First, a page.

As a remodel contractor, farmer, carpenter, and woodsman, I know firsthand how important it is to depend on my equipment for quality and efficiency. Aside, of course, from purchasing quality equipment in the first place, care of use and maintenance are the biggest factors in ensuring dependable results over a long lifespan. It seems like life is all about being prepared in one way or another, and the big wind storms we've seen in the Northwest this winter have reminded me why being prepared and maintaining equipment is so important.

One night at Westbrook Farm when the power went out it all started relatively fun, with candles and flashlights. But as the cold began to set in and the wind began to turn into a real howler—the likes of which I've never seen before—that little fun adventure feeling gave way to serious concern. Trees were snapping, power lines in the neighborhood were down, roads were blocked, shingles were flying off my house, and the barn was being pummeled with large branches from the nearby forest.

Doing my rounds checking fences, buildings, and equipment, things seemed to be OK—until I was gripped with the feeling of impending doom. The basement sump pump! The basement of our home is the lowest spot around, and we have a large industrial sump pump in a well down there to keep it from filling with ground water.

You guessed it! Without running power the basement started filling fast! At this exact moment, I somehow remembered I had a 12-volt trailer water pump, typically used for a motor home. I also grabbed an old battery charger that was no longer working, and cut off the red and black clips. Wiring these clips to the leads of the pump, and then rigging an old garden hose to the inlet and outlet, I had a jerry-rigged water pump. It needed power though, so I fired up my 1992 Chevy s10 pickup truck. Sticking one hose into the rising tides in our basement and the other end in a culvert down the street, I had both clips in-hand ready to clamp to the battery terminals under the hood of my truck. Pausing, in that moment, I came to the realization that this little pump was the only barrier we had to save damage to our furnace, electrical, and basement storage. I felt embarrassed; I'm a stickler for preparedness, and somehow this scavenged makeshift generator and pump-of-last-resort was the best I could do?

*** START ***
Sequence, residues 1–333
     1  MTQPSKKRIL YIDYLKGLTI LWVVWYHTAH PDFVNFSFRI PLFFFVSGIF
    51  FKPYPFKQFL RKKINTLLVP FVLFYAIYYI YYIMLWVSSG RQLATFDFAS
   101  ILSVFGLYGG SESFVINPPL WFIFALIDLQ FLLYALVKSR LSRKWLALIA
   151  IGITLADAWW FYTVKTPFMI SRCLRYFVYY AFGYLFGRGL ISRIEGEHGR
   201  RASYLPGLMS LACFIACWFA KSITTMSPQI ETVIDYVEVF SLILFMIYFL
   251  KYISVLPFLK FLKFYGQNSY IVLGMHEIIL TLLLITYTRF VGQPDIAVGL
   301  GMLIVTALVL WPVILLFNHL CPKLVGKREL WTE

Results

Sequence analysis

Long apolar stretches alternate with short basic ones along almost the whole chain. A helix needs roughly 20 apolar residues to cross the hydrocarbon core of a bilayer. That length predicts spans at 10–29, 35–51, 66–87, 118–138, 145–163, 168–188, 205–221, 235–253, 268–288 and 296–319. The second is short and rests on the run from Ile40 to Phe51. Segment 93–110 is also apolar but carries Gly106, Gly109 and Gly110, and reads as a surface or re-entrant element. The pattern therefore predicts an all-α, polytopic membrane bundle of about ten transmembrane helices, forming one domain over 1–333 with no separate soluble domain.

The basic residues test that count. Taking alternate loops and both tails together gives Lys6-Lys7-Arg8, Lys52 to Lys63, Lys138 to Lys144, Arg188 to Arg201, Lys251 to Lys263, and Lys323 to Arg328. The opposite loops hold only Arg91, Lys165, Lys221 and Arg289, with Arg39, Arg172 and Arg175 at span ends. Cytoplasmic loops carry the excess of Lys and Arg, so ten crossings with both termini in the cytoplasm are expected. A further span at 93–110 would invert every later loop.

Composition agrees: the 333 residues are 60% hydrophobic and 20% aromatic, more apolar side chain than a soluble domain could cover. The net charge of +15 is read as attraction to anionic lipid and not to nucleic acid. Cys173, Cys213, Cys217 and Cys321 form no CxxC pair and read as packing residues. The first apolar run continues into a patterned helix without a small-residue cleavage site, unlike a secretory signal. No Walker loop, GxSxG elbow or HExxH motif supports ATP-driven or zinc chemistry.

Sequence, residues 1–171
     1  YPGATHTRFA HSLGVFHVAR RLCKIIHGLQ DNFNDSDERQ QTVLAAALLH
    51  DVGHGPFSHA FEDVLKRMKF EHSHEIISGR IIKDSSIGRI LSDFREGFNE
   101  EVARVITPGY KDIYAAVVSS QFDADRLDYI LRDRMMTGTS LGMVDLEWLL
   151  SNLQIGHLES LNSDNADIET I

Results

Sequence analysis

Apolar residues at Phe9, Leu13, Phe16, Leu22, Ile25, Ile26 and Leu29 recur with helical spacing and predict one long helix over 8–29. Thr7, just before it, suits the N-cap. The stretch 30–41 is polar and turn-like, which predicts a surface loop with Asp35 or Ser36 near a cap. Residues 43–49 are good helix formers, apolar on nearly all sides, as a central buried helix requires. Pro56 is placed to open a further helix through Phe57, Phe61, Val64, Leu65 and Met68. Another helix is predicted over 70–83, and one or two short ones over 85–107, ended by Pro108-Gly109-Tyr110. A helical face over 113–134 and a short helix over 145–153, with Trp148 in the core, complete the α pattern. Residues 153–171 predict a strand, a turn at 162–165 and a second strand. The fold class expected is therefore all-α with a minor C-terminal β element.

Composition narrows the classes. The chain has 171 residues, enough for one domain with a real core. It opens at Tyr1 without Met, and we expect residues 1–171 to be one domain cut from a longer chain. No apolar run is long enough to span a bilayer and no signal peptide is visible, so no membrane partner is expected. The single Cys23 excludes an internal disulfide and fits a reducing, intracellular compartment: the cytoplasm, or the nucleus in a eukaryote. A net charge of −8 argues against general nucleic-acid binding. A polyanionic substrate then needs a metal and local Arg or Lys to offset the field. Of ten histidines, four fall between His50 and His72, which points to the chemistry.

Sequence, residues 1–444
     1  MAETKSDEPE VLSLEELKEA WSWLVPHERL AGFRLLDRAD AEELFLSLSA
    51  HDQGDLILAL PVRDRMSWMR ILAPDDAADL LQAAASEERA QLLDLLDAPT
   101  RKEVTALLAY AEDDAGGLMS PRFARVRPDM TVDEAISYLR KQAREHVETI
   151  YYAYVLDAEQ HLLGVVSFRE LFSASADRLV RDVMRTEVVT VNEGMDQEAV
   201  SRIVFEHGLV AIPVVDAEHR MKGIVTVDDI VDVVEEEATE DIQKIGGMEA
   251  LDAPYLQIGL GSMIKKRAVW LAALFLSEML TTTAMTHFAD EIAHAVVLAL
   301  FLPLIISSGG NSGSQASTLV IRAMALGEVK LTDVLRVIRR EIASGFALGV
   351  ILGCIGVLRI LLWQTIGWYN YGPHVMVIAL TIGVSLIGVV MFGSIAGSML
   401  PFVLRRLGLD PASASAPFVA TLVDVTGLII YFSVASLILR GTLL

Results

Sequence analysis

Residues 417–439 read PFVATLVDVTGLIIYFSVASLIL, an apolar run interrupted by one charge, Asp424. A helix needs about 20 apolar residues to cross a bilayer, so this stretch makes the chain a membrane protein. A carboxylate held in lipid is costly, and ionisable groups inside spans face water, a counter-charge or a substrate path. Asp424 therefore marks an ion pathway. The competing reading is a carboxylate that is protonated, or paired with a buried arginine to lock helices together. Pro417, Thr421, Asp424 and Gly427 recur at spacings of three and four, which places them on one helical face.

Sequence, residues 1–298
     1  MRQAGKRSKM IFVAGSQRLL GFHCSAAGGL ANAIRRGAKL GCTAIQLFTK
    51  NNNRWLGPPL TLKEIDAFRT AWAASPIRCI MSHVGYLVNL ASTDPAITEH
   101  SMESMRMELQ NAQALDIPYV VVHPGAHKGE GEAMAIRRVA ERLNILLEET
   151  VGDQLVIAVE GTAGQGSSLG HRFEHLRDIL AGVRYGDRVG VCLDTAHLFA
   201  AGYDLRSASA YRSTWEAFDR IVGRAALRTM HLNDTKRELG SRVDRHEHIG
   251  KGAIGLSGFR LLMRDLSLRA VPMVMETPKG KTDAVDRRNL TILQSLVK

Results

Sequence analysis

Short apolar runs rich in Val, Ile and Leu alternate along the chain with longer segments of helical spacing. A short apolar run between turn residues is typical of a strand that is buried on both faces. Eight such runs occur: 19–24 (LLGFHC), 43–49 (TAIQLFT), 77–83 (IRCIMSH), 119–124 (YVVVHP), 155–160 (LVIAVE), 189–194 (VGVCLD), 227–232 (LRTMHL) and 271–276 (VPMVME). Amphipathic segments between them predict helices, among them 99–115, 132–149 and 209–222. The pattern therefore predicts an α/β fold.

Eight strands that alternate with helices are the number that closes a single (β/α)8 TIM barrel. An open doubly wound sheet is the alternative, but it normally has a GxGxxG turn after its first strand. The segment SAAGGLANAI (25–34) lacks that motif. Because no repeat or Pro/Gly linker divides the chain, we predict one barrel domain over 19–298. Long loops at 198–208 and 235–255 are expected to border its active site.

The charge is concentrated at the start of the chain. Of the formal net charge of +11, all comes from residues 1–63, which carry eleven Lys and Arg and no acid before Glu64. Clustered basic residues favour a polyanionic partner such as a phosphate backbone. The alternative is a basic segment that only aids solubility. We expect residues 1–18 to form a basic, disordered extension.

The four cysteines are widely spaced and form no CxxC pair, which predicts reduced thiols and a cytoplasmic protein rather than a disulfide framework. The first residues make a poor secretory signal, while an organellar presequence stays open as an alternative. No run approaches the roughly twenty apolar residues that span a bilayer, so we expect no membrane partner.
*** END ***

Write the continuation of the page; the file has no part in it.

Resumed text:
Maintenance on equipment is all about being prepared. It can save disaster, make things efficient, and make your equipment last a lot longer. Purchase equipment that is top-quality, has a support system for local maintenance, and has parts that are easily accessible. This will really help you in making it easier to maintain your equipment from small mowers to larger machinery, because getting what you need is available at a moments notice. Whether this is the year you're purchasing new equipment or you have a machine that has been sitting through the winter and needs some attention, here are the seven steps for keeping your machinery in top shape year-round.

  1. Wash the machine and inspect unit for any visible damage.

  2. Perform an annual service on unit. (Change oil and filter, new spark plugs, flush fuel system.)

  3. Sharpen any blade(s).

  4. Lubricate all pivot points and grease Zerks (if equipped).

  5. Set tire pressures.

  6. Level the mower deck and test-run unit.

  7. Inspect the battery and load test to verify battery state.